District One Commissioner Victor Grgas said he was glad Old Town and Surfside were “off the hook.” He also said there was a huge economic incentive to convert garages to apartments. He said enforcement would be a nightmare.

Campbell said parking was going to be a nightmare.

Grgas asked if the planners had any discretion.

Assistant Attorney Greyson said the law requires a finding to justify a dwelling size of less than 1,200 feet. The city would need a standard to justify the restriction.

Grgas asked if the city could limit a dwelling to a one bedroom addition.

Before the vote, Aguilar expressed concern that there were too many questions about the changes. He said it would be irresponsible to pass the Zoning Code amendment to the council without looking at it further. He said he would vote no.

Planning Commission Chair Michael Thomas, who represents District Three, suggested postponing the decision on the issue until the next meeting. However, Landavazo raised staff concerns that doing so would not allow the city to meet public notice requirements in time to bring the matter to the City Council before the Jan. 1, 2019, deadline to amend the code.

According to Landavazo, if the city didn’t pass its own law by then, state law would take precedence.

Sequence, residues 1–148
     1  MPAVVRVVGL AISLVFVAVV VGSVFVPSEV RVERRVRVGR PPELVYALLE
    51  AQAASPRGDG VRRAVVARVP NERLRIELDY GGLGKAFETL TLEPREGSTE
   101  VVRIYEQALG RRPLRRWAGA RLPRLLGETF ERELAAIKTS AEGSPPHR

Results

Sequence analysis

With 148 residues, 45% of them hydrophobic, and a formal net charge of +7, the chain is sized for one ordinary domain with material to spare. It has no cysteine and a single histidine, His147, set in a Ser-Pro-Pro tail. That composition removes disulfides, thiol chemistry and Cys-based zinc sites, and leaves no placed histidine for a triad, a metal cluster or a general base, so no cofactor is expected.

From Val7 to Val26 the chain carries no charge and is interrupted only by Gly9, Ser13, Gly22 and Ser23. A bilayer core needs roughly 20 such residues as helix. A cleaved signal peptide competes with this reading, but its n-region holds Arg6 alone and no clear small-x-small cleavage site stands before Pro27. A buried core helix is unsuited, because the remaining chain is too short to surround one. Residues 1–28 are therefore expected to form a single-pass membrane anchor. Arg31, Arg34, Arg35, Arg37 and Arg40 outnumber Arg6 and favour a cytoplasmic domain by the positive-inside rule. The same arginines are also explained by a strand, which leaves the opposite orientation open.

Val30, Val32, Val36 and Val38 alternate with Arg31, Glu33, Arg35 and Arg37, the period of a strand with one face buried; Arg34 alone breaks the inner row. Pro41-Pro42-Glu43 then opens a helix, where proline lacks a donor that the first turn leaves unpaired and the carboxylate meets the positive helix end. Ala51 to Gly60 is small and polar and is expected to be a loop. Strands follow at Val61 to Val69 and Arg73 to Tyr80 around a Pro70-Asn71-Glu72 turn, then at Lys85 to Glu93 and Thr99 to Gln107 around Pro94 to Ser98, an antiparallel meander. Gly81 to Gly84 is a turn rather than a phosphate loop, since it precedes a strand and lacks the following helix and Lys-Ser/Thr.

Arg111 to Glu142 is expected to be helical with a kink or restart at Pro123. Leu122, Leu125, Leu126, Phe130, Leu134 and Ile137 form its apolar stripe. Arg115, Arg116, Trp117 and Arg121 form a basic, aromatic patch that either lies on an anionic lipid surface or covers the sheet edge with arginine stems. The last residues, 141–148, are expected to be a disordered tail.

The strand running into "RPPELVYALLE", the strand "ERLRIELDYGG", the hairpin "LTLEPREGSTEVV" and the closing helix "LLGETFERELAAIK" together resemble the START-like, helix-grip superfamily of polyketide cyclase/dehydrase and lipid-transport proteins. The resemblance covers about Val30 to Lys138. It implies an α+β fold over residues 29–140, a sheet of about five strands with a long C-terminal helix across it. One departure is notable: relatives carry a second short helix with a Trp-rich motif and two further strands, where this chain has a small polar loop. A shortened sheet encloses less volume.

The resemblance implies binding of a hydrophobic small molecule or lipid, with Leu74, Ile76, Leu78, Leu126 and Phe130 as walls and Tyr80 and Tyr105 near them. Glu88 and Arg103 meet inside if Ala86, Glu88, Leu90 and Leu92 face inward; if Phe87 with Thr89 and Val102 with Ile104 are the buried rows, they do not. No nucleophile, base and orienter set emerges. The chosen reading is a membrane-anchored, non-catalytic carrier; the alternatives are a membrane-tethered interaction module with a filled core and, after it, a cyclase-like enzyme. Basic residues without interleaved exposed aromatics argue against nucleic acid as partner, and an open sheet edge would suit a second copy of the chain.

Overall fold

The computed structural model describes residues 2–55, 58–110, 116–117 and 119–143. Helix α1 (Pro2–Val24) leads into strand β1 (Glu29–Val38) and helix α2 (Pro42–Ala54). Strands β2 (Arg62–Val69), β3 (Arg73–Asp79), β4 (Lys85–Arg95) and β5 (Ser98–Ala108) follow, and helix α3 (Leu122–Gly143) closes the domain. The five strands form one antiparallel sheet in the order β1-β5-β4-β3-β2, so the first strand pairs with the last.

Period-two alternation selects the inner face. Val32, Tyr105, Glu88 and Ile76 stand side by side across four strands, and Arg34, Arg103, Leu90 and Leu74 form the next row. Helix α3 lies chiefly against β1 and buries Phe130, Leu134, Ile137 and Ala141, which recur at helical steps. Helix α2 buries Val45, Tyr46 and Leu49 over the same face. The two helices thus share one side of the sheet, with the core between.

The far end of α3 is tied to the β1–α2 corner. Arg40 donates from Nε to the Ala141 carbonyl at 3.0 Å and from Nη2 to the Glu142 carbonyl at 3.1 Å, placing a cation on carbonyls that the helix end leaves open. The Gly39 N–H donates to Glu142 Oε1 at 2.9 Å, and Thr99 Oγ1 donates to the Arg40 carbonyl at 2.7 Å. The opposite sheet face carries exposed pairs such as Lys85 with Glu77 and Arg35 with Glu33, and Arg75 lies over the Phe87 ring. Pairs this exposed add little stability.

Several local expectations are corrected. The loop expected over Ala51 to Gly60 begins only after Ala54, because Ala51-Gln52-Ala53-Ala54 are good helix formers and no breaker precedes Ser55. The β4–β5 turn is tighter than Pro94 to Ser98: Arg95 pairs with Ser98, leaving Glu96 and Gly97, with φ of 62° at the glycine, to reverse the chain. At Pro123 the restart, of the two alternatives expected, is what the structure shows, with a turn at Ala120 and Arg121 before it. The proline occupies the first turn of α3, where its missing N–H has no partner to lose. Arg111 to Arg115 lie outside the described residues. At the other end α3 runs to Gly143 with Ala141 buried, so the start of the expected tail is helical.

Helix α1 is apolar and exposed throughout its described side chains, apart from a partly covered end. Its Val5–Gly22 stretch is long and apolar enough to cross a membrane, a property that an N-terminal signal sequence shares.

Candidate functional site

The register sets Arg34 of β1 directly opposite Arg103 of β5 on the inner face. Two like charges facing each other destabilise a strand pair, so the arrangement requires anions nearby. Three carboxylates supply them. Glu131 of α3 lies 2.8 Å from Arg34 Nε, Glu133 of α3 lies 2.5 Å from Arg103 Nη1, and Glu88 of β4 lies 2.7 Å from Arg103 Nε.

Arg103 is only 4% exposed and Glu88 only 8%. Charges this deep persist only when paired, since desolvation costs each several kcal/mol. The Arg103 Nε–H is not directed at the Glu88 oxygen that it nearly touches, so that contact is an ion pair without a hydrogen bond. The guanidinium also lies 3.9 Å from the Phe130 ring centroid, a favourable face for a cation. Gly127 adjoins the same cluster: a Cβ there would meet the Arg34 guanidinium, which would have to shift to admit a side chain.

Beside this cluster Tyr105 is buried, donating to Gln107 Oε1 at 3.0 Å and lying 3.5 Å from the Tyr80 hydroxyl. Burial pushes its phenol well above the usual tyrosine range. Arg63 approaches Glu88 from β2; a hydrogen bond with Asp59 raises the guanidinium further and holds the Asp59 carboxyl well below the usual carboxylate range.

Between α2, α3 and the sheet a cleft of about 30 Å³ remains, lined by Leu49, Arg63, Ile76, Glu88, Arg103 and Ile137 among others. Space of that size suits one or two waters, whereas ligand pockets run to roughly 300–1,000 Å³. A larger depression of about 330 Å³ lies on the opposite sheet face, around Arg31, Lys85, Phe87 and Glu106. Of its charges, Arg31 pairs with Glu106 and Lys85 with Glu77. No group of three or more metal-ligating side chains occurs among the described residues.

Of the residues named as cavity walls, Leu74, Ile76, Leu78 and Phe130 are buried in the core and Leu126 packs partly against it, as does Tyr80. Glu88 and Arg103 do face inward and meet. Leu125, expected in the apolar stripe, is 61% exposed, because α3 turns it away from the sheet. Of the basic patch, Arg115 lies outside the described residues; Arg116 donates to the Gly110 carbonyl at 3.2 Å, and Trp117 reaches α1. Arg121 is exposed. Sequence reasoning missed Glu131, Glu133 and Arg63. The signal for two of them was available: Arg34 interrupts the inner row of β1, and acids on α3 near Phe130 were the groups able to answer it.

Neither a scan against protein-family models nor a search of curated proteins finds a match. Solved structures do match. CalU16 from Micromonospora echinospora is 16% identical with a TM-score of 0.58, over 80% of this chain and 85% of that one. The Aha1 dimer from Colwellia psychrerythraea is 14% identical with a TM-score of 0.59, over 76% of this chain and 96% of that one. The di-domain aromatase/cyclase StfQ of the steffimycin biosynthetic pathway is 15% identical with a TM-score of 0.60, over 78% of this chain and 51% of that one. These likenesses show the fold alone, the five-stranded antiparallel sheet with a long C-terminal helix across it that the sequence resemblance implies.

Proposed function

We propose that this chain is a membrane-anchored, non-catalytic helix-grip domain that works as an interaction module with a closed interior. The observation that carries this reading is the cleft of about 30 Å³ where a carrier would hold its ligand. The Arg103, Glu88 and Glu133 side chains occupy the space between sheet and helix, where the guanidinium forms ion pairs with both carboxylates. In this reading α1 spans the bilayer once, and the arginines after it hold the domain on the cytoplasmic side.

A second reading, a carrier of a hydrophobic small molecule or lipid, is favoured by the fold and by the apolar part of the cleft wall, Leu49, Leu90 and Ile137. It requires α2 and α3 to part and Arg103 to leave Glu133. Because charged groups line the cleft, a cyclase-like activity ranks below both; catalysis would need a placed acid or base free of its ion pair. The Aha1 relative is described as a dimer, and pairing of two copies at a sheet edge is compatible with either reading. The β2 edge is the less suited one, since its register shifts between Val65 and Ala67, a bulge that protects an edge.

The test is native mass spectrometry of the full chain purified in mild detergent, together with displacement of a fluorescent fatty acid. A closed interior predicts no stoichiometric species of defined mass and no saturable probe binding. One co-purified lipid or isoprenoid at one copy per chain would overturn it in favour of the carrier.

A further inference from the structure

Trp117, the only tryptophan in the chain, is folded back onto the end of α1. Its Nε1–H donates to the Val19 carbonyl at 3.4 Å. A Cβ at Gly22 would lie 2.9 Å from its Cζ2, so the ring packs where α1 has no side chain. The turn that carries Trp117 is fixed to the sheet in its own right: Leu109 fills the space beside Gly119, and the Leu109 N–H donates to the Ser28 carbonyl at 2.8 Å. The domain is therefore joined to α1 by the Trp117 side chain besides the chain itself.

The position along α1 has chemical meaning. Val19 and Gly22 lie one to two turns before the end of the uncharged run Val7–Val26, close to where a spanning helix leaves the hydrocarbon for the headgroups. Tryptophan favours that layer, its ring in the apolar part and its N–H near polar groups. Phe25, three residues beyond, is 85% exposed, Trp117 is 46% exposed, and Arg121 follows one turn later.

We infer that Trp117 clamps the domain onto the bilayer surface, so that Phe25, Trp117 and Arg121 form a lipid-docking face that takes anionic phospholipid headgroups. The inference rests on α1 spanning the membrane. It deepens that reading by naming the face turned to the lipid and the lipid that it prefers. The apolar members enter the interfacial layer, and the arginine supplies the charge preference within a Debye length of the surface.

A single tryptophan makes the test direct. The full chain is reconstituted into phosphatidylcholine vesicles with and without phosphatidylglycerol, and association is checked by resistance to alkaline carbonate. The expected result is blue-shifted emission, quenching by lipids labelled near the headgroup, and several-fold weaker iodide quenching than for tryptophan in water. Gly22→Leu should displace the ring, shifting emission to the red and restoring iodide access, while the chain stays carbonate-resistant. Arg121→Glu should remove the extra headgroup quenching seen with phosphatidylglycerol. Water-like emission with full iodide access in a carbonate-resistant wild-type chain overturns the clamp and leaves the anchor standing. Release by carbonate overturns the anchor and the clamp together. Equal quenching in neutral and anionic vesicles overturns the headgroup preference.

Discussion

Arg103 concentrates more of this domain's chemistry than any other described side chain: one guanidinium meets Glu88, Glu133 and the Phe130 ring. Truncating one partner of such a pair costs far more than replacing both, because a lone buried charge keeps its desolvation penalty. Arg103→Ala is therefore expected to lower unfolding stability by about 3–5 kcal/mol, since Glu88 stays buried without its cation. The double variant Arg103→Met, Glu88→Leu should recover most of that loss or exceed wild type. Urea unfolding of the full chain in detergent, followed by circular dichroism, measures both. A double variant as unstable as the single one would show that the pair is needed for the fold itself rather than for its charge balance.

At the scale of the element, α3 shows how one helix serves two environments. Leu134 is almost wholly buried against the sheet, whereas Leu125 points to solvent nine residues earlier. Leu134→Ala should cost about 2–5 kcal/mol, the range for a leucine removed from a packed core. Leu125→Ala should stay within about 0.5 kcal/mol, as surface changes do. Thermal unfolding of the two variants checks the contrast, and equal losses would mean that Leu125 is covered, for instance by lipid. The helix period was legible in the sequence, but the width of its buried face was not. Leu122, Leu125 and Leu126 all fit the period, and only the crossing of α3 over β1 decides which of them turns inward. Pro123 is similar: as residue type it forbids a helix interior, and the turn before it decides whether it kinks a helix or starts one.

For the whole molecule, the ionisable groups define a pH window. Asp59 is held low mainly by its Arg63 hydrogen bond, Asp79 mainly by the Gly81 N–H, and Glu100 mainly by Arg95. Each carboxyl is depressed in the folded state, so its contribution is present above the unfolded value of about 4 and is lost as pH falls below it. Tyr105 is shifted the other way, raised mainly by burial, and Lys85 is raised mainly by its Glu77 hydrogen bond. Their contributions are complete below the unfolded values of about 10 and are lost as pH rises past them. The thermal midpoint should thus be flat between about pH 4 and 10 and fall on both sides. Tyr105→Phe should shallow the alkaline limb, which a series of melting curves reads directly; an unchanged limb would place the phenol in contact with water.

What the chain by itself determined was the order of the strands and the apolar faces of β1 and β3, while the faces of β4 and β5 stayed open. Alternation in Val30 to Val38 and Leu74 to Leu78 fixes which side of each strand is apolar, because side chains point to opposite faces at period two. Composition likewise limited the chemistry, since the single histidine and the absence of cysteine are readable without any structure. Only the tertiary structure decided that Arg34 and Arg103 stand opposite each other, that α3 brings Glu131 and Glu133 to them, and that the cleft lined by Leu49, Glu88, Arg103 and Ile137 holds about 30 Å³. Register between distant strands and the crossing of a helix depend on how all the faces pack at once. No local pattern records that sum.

District Five Commissioner Mariann Klinger said she would rather have something staff came up with rather than leave it to the mercy of the state legislature.

Multiple planners expressed displeasure at having received the proposed change so late in the year. Greyson and Landavazo indicated that the state legislature had been looking at even greater restrictions on what cities could do.

Landavazo said the regulations allow garages to be converted to living space. She said cities are not allowed under the new laws to require a new garage. Instead, the city could require open parking spaces.

“No,” Greyson said.

Grgas was surprised that garages could be converted without notice to anyone but the city’s building staff.

Campbell said she would like to have more input from city residents.

Thomas said he was not sure everybody in the community knows what’s going on.

Landavazo said staff could absolutely schedule the matter to come back to the Planning Commission.

Thomas proposed continuing the agenda item. He asked staff to research whether anyone in other cities had come up with a way to minimize the city’s exposure to garage conversion.

Assistant City Attorney Greyson said staff would prefer the Planning Commission take action on the issue that night and staff would present additional information to the City Council.

Thomas wanted to look at what other communities were doing.

Grgas reluctantly said all the commission could really do right now was move it forward to the council.

Grgas made a motion that the commission recommend approving the ordinance and have staff research ways to minimize the impact of potential conversions.

As part of the motion, he asked that once the City Council has taken action that staff bring the matter back to the Planning Commission.